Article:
The anti-cancer agent docetaxel is approved for the treatment of patients with locally advanced or metastatic breast cancer, non-small cell lung cancer (NSCLC) and for the treatment of androgen-independent prostate cancer. At the recommended dose of 60-100 mg/m2 given every 3 weeks, severe neutropenia is the dose-limiting toxicity and a major concern especially when treating patients at high-risk from myelotoxic complications. A less toxic schedule, involving weekly docetaxel administration was developed for patients with poor performance status, multiple comorbidities, poor haematological reserves or those who were heavily pre-treated, elderly or patients for whom palliation is the focus of treatment. Recent randomised trials allow a comparison of efficacy and toxicity between weekly and 3-weekly treatments. Efficacy appears to be similar for the two schedules regardless of the disease while weekly docetaxel is significantly less myelotoxic. However, this benefit comes at the cost of cumulative increases in hyperlacrimation, skin- and nail-toxicity and negatively affects quality of life. Currently, 3-weekly docetaxel remains the standard schedule for treatment, whereas the weekly schedule offers a possibility of treatment individualisation for those patients where the risk of myelosuppression is considered unacceptable.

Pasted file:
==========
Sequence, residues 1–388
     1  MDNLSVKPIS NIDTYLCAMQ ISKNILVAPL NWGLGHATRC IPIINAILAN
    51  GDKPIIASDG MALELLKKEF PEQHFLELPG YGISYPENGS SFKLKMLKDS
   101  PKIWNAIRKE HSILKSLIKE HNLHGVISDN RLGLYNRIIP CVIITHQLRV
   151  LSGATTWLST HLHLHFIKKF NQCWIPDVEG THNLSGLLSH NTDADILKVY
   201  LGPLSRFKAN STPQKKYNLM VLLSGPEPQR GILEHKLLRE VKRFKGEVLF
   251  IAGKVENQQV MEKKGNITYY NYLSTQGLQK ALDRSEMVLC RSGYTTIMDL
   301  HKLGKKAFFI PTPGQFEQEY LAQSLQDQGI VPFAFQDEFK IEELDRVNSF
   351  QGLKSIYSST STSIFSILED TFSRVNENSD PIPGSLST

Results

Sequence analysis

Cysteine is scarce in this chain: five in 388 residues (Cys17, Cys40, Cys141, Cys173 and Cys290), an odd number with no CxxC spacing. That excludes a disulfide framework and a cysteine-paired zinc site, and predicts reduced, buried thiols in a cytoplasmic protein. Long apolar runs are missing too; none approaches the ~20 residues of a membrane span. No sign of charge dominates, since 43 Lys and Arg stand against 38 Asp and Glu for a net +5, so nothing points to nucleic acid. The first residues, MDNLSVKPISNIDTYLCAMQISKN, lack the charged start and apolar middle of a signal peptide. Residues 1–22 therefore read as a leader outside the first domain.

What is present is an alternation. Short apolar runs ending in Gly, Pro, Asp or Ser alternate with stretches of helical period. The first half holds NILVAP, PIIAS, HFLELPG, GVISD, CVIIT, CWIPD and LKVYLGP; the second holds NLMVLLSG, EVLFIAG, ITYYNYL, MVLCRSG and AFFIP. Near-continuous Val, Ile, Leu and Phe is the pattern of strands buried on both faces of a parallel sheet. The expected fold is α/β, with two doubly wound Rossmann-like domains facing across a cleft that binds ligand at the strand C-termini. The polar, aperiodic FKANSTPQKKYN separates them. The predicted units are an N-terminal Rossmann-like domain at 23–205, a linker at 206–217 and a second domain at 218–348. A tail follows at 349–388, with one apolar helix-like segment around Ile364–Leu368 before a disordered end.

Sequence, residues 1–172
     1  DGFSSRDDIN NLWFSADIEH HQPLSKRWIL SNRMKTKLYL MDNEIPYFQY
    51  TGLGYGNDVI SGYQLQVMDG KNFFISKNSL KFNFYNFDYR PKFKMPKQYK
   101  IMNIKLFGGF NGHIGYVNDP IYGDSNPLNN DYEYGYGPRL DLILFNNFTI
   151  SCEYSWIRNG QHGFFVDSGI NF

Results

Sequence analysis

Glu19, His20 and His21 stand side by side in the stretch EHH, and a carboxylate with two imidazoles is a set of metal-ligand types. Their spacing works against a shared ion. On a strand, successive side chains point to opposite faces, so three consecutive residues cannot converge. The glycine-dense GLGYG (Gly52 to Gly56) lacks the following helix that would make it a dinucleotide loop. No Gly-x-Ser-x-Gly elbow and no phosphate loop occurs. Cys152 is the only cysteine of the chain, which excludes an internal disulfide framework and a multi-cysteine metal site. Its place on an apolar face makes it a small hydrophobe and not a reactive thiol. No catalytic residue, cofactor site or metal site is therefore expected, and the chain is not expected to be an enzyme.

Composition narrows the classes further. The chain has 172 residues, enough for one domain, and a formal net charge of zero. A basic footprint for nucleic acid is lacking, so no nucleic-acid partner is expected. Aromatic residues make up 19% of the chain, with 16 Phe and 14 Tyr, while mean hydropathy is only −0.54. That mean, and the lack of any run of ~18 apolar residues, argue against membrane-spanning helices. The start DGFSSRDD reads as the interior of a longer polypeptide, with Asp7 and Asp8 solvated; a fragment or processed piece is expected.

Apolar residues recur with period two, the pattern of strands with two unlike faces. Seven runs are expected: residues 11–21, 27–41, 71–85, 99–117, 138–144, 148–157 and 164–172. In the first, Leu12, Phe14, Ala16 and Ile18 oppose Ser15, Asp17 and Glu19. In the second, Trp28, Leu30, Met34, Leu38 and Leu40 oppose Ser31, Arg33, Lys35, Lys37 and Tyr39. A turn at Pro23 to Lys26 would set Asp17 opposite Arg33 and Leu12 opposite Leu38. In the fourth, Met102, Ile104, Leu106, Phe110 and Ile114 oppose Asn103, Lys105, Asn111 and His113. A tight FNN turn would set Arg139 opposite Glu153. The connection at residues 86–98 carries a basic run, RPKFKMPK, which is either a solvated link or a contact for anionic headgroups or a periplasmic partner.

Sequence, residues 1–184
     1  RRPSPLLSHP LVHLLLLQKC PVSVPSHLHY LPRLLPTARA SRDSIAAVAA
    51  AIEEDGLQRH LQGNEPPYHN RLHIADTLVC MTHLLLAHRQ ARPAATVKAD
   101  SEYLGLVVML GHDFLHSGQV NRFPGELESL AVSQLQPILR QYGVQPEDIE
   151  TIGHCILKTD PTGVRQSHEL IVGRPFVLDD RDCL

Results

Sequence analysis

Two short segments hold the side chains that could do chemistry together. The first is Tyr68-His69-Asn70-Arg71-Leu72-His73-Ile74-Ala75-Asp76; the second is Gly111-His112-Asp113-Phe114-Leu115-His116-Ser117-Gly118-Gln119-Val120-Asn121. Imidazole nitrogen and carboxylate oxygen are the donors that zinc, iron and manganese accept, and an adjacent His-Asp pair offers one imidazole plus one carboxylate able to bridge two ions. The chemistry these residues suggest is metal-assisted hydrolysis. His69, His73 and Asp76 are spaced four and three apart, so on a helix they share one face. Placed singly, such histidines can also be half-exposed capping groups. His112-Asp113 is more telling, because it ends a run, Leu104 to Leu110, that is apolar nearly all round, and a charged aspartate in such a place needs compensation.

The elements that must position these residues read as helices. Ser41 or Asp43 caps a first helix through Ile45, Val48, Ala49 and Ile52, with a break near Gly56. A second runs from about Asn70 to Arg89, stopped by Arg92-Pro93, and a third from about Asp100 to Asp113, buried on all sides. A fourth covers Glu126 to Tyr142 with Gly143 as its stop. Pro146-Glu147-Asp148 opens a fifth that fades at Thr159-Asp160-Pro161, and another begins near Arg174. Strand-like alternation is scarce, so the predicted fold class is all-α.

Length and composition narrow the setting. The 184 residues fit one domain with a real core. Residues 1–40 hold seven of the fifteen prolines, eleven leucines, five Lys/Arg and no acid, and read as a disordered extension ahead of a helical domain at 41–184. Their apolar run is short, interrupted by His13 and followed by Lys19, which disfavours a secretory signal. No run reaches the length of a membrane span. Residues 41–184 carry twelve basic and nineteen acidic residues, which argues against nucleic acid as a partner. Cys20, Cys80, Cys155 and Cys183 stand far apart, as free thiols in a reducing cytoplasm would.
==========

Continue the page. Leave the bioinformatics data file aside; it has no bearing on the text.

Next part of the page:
Docetaxel, Efficacy, Hormone refractory prostate cancer, Metastatic breast cancer, Non-small cell lung cancer, Taxotere, Toxicity, Weekly,
European Journal of Cancer
Erasmus MC: University Medical Center Rotterdam

Engels, F.K, & Verweij, J. (2005). Docetaxel administration schedule: From fever to tears? A review of randomised studies. European Journal of Cancer (Vol. 41, pp. 1117–1126). doi:10.1016/j.ejca.2005.02.016